Improving mental health and wellbeing support for Scotland – Think Positive Research
Research by BSV Associates for the National Union of Students Scotland.
Think Positive, funded by the Scottish Government, commissioned research to evaluate the effectiveness of student mental health support in Scotland and to support the FE and HE sectors to further develop appropriate practice in the delivery of mental health and wellbeing services to students.
It is believed to be the first of its kind in Scotland, covering both further and higher education students.
The key objectives of the research were:
- To identify the main causes and triggers of poor mental health and wellbeing amongst Scottish college and university students;
- To establish a clear picture of what services are on offer to students at their institutions, student experience and demand for these services;
- To identify best practice across colleges and universities.
The research included a survey of over 3,000 college and university students, alongside in-depth analysis of the mental health and wellbeing services of eight case-study institutions.
Some of the key findings of the research include:
- Almost half of students surveyed (49.9%) cited lack of money or financial pressures as negatively impacting on their mental health.
- Students are most likely to have concerns about mental health at the start of their studies with 72% citing their first year of study as a time when they had concerns about their mental health and wellbeing.
- Students cited a range of factors associated with study as impacting negatively on their mental health: almost half (48.7%) cited coping with course workload.
- Of those students surveyed who used a support service, institutional or external (e.g. NHS or third sector), more than half of respondents (59.6%) had to wait to access the support they needed. For those students who had to wait just over half (53.8%) waited more than a month, and 20.8% waited more than three months.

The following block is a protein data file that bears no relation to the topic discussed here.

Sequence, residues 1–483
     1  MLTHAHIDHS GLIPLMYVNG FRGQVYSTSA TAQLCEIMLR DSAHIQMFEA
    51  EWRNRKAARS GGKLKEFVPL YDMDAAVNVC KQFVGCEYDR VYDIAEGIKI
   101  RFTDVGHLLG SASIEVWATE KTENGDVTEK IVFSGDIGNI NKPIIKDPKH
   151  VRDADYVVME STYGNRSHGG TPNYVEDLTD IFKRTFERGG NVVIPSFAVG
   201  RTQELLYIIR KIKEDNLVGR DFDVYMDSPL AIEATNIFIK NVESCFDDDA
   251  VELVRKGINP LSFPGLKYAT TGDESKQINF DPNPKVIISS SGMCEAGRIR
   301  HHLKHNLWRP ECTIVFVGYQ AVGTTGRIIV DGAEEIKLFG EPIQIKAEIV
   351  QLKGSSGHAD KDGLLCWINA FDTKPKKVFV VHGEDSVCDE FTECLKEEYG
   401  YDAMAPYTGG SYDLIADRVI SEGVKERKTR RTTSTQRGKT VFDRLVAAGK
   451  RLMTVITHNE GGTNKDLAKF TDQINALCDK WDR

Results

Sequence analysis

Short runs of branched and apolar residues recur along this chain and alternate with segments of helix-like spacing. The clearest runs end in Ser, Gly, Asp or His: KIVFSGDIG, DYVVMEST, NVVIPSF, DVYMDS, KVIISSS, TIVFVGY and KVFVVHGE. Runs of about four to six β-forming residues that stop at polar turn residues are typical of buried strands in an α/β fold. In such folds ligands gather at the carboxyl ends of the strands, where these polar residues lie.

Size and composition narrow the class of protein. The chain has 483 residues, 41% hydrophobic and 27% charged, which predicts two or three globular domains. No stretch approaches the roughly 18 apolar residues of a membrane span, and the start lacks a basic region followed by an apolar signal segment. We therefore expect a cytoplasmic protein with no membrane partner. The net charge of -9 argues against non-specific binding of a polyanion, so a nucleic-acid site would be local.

- Institutions that took part in the research reported the practice of ‘backfilling’ NHS services because of under-capacity in the health service.
- Around four times as many higher education (78.4%-81%) than further education students (19%-21.6%) were aware of mental health and wellbeing support available to them.
The research poses a series of recommendations for institutions, students’ associations and other sector bodies to help improve student mental health and wellbeing support in Scotland’s colleges and universities. Key recommendations address the factors negatively impacting student mental health and wellbeing, including making further improvements to student cost-of-living support, and embedding mental health and wellbeing in learning and teaching practice. The recommendations also look to improve the student experience of accessing mental health support by suggesting consideration is taken to improve waiting times for NHS services, ensuring equity of access to counselling services, and embedding mental health and wellbeing in learning and teaching practice.
The full findings and recommendations can be found in the research report or executive summary.